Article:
CD80 and CD86 molecules play an essential role in influencing the immune recognition of GBM cells. They bind to the CD28 molecule with a costimulatory signal for T-lymphocytes activation. On the other hand, they bind to CTLA-4, resulting in an immunosuppressive effect. CTLA-4 has a higher affinity to CD80 and CD86, making these molecules' role in immunosuppressive effect higher than their costimulatory effect . The current study has linked CD80 and CD86 expression on GBM tumor microenvironment to PFS. We observed a low correlation between mRNA and protein expression of CD80. However, a better correlation was observed between CD86 protein and mRNA expression. Low correlation between the mRNA and protein expression might be due to post-transcriptional mechanisms involved in turning mRNA into protein. Another reason could be related to the stability of both mRNA and protein in our patient’s samples. Finally, there is a possible error and noise in protein quantification and mRNA extraction that could influence mRNA stability and protein expression .
The number of patients (n = 47) in the ONT cohort is lower than the number of patients in the TCGA dataset (n = 121). The higher number of TCGA GBM samples could be one reason that affected the statistical analysis and provided a better prognostic value than the ONT cohort. Indeed, GBM samples' availability with comprehensive clinical and biological annotations and fulfilling the inclusion criteria is a limitation for a larger cohort. Larger patient cohort is needed to evaluate the prognostic value of CD80 and CD86 expression in GBM samples. In our protein analysis, co-staining of CD80 and CD86 is needed to determine these proteins' expression in different immune cell populations. Furthermore, other immune checkpoint proteins could be evaluated in future studies.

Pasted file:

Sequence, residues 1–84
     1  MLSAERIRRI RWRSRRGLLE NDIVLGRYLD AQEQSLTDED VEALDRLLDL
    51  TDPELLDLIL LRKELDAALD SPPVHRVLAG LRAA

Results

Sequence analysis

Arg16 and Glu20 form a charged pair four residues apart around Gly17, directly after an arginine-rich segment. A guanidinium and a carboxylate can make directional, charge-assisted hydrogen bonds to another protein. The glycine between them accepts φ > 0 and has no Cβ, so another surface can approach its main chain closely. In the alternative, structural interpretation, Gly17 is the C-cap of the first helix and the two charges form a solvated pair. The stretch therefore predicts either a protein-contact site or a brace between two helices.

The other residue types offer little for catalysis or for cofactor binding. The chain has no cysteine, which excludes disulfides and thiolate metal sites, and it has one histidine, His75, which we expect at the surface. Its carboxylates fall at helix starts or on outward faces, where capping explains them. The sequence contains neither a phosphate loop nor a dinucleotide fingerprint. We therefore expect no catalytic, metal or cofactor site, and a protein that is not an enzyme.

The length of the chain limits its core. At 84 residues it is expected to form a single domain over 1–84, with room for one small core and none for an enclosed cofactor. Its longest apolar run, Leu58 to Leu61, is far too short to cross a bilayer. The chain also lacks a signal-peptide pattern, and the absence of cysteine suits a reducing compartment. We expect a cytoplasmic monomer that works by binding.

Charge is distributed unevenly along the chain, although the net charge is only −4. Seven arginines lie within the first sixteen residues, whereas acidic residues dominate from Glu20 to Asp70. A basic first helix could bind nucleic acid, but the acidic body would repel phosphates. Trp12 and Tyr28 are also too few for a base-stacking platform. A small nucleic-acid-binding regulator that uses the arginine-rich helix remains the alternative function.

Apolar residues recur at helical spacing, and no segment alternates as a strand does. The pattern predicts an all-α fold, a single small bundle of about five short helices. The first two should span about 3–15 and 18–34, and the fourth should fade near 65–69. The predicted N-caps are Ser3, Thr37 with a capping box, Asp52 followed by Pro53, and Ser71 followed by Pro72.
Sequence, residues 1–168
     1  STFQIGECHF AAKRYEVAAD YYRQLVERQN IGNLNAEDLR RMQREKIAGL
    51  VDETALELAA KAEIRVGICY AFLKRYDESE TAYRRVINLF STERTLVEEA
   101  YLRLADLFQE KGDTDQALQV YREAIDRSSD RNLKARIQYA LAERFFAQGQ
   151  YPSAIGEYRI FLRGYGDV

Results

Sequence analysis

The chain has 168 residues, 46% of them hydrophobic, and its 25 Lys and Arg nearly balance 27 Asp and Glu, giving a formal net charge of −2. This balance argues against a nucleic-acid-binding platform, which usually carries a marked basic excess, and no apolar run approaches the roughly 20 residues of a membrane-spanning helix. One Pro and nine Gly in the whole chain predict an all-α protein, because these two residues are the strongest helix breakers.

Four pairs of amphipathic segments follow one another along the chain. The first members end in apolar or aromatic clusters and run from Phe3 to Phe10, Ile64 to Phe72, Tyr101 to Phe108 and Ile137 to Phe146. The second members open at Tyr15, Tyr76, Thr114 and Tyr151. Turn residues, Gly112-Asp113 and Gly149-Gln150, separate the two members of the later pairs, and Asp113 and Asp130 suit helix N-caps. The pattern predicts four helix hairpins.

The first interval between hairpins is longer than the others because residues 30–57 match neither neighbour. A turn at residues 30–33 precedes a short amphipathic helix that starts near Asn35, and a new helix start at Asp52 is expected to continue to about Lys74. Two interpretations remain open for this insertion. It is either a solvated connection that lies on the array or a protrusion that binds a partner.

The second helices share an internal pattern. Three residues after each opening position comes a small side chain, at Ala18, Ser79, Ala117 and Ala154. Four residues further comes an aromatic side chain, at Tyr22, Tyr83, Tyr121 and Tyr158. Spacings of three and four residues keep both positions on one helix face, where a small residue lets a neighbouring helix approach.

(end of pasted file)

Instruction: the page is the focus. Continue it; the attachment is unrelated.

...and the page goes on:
The expression of 50 immune checkpoint molecules was investigated in breast cancer. The study showed that high expression of costimulatory immune checkpoint molecules was associated with better PFS. However, no significant effect on prognosis was associated with CD80 and CD86 expression in the selected cohort . Feng et al. reported that low expression of CD80 is a predictive biomarker for poor prognosis in adenocarcinoma . Furthermore, CD80 and CD86 were found to be potential biomarkers for better prognosis survival in nasopharyngeal carcinoma . Additionally, the molecular characterization of PDL1 expression was correlated with other checkpoint proteins, i.e., CD80, highlighting that higher levels of immunosuppression are associated with GBM than lower-grade gliomas (LGG) . In myeloma cell lines, silencing the CD28-CD86 pathway resulted in myeloma cells' significant cell death . A recent study constructed a more robust model, using GBM and LGG data from the TCGA and CGGA (Chinese Glioma Genomic Atlas), and identified that low expression of CD86 molecules is a good prognostic indicator for OS. PFS analysis was not applied in this study .
In 2017, Berghoff et al. described a specific signature to predict the success of TMZ in MGMT-methylated patients. They showed that the TME signature could be used to indicate an individual's TMZ sensitivity. The TME was identified to be different between IDH mutant and wildtype. A richer tumor infiltrative lymphocyte (TIL) and a higher expression of PDL1 were observed in IDH-wildtype tumors . However, to date, no studies have linked MGMT promoter methylation with the TME. A recent research article has studied the expression of immune checkpoint inhibitor Tim3 and MGMT methylated status. They identified that a high expression of Tim3 in MGMT-unmethylated patients is linked to poor prognosis . Pratt et al have reported that the expression of PD-L1 is a negative prognostic biomarker in recurrent IDH-wildtype GBM Pratt, Dominah, Lobel, Obungu, Lynes, Sanchez, Adamstein, Wang, Edwards, Wu, Maric, Giles, Gilbert, Quezado and Nduom . In line with these findings, our study supports that the expression of immune checkpoint inhibitors may inhibit T-lymphocyte and anti-tumor reaction.
CD86 expression could be used as potential biomarkers predicting the efficacy of ipilimumab in GBM patients. Furthermore, it could be used as a biomarker for patients’ stratification for future clinical trials. Our study suffers from the limitation of retrospective studies with a limited number of patients. Nonetheless, our results were validated in an independent dataset and support investigations of immune checkpoint molecules as potential prognostic biomarkers and potential predictive biomarkers of response to immunotherapies in GBM.